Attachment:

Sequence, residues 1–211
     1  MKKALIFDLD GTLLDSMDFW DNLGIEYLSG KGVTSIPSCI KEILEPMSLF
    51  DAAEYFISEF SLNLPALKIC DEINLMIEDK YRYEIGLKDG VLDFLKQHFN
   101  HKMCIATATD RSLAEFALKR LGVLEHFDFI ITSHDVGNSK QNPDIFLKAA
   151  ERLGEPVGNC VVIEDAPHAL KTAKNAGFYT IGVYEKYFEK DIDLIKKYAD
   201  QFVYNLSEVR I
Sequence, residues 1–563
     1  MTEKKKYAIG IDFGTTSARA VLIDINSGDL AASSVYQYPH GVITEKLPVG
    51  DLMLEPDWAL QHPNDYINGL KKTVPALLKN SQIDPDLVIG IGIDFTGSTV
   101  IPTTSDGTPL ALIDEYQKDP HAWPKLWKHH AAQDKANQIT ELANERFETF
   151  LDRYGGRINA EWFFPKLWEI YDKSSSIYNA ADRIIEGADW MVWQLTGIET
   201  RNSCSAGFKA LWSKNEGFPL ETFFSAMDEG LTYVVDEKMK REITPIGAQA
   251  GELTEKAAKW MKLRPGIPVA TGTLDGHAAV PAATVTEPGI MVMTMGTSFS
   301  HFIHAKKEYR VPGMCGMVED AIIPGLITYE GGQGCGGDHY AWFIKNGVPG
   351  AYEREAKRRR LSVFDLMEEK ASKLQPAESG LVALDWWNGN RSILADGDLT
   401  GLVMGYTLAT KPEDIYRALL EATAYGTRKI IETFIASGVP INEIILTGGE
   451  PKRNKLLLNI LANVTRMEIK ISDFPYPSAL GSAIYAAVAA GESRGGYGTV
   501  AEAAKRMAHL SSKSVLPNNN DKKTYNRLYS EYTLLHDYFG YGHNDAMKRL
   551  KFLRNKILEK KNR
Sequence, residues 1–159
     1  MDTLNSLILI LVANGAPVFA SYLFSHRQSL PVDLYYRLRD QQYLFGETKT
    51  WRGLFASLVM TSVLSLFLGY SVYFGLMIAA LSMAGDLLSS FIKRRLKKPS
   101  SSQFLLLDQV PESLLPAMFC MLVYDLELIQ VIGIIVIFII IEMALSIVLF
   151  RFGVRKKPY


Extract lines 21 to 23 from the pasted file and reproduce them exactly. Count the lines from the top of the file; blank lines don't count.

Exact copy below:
     1  MDTLNSLILI LVANGAPVFA SYLFSHRQSL PVDLYYRLRD QQYLFGETKT
    51  WRGLFASLVM TSVLSLFLGY SVYFGLMIAA LSMAGDLLSS FIKRRLKKPS
   101  SSQFLLLDQV PESLLPAMFC MLVYDLELIQ VIGIIVIFII IEMALSIVLF